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A formula shrouded in secrecy

Current and retired UPSC officials say the “normalizing” formula that seeks to establish some parity in ratings has been around for several years, but will not be disclosed even under the right to information, because revealing it would diminish the sanctity of the UPSC exam.

Satyanand Mishra, former secretary of the Personnel and Training Department (DoPT), said: “When I was secretary, several RTIs came to us about this formula, but UPSC never disclosed it. This was the right position, because it is only a formula worked out by experts… It can be challenged in court by those who consider themselves disadvantaged and lead to endless litigation. It would only hamper the review and recruitment process. “

There are also other reasons for the existence of the formula, apart from the normalization of the scores.

“Candidate answer sheets are distributed among different examiners. Now, one person can be more generous than another in assigning grades. So there is a scientific formula by which these marks are standardized, ”continued Mishra.

“And then of course there is this disparity between human and non-human matter. Over the years, it was felt that too many engineering students were coming into the services. There will always be a difference between descriptive responses and non-descriptive responses, and this formula is used to normalize the inherent difference, ”he added.

Gurbachan Jagat, former president of UPSC, also said: “There is a very correct formula, which has been scientifically established. It was there even when I was there (2002-2007), but I think the formula has evolved over the years and the gap (between ratings) has steadily narrowed. “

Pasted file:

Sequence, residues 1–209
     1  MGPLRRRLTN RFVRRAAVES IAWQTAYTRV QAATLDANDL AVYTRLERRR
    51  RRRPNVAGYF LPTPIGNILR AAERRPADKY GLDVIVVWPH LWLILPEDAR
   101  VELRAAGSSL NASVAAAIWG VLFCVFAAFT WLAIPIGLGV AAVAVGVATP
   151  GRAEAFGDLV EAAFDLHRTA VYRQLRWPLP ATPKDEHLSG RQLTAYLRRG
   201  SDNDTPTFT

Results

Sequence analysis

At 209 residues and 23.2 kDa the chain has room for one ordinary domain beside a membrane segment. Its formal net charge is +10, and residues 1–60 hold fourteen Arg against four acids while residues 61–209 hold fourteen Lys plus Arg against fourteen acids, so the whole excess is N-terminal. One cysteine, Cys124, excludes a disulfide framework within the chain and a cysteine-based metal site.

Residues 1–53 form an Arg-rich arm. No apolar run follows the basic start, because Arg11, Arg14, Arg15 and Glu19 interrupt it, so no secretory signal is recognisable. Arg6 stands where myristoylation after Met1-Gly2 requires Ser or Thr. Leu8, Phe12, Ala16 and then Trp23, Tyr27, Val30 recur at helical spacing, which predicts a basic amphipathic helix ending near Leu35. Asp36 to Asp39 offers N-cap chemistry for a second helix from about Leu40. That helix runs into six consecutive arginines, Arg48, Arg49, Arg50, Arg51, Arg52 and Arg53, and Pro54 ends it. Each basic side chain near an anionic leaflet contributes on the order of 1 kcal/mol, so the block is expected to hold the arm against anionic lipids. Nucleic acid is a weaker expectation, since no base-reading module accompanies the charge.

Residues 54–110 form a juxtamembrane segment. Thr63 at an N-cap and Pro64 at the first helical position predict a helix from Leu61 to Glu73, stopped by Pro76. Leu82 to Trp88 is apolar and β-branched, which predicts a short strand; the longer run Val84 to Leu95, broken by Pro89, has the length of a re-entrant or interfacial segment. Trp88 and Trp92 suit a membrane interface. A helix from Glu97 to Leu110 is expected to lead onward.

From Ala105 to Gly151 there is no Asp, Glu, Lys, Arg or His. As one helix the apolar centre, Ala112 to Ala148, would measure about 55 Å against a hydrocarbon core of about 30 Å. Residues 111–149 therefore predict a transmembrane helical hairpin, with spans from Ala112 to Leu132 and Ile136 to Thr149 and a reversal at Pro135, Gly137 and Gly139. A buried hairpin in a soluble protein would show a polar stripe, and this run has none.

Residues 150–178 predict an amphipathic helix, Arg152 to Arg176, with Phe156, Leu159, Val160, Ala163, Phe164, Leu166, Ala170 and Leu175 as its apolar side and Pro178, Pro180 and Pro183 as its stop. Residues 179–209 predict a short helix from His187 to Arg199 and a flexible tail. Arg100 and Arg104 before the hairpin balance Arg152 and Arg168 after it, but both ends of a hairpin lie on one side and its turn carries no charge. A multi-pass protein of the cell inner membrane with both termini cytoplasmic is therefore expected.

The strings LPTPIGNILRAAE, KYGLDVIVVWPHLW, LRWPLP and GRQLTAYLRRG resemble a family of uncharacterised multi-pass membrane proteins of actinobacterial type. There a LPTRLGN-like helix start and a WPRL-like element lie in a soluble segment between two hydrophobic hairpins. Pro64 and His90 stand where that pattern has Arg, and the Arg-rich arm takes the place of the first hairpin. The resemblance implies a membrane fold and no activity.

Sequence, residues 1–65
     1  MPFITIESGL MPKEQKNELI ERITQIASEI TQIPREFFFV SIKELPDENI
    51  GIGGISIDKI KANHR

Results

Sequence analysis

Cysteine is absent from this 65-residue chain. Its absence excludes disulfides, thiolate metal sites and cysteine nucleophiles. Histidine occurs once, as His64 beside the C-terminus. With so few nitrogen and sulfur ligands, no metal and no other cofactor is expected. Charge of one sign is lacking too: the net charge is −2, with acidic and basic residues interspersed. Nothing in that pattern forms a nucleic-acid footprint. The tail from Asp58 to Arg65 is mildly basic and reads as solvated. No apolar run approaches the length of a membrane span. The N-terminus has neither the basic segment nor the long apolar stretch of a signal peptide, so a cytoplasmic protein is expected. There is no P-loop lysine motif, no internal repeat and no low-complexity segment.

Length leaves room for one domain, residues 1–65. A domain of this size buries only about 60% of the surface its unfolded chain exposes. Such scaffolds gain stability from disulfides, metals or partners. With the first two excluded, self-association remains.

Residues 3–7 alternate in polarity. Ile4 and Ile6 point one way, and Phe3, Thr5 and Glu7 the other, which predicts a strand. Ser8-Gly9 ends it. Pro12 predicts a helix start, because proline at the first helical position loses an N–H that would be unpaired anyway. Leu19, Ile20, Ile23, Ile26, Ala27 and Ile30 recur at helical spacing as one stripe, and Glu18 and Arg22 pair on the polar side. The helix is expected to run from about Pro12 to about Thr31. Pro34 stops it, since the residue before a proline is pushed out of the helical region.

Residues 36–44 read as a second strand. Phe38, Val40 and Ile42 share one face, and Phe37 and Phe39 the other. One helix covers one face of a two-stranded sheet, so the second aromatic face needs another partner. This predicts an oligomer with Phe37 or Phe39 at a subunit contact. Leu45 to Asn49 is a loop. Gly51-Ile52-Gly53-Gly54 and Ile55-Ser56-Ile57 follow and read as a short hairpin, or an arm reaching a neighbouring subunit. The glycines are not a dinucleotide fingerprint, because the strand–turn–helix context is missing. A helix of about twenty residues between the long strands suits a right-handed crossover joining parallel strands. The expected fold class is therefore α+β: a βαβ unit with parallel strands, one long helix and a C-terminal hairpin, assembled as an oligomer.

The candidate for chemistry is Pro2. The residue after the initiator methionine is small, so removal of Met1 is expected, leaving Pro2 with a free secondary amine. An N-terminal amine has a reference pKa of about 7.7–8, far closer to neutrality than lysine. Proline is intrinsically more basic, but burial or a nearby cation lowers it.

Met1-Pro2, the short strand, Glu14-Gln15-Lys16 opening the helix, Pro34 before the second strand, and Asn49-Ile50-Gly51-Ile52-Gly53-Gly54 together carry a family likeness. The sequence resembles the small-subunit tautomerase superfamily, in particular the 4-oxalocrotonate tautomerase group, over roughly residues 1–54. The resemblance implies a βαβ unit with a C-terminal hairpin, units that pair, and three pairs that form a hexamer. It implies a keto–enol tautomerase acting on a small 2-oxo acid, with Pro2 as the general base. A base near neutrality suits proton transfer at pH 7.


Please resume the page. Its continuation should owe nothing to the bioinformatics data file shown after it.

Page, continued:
He added: “Even as president of UPSC, I was not aware of the formula, but I knew it was an extremely fair formula, which did not disadvantage anyone.”

A knowledgeable government official, who did not wish to be identified, said: “UPSC has been trying to achieve parity for many years now… Students should not guess, and just choose the topics that interest them. . scores shouldn’t be a factor for them. “

Asked how the UPSC does the scaling, the official said it was a scientific formula, but it was the “intellectual property” of UPSC and could not be shared publicly.

Court support

The UPSC even maintained this position before the Supreme Court and obtained its approval.

In 2018, in a petition filed by candidates calling for transparency regarding cutoff scores for each subject, the scaling methodology, model responses, and the full result of all candidates, the Supreme Court observed that reporting raw scores, as submitted by UPSC, will lead to issues such as non-appreciation of marking standards, dilution of trust and credibility in the system, and subsequent challenges to integrity system, including through litigation.

In a 2007 case concerning the disclosure of cut-off marks for elective subjects as well as for general civil service studies (preliminary examination), 2006, the UPSC had declared to the Delhi High Court that the information was of the nature of critical secrets, and constituted the intellectual property of UPSC within the meaning of section 8 (1) (d) of the RTI Act, and that there was no public interest requiring the disclosure of such information .

however, in the same case, lawyer Prashant Bhushan had argued that the UPSC formula was revealed to the Supreme Court in 2002, when the commission allegedly said that the commission followed “a linear method for its examinations”, based on “the equi -normalized percentile (NEP) for optional objective type papers ”, for standardization.

This uncertainty of grades in elective subjects is seen as something that removes a level playing field on the civil service exam, and the Baswan committee set up in 2016 to recommend reforms to the UPSC had suggested removing completely optional paper for precisely this reason.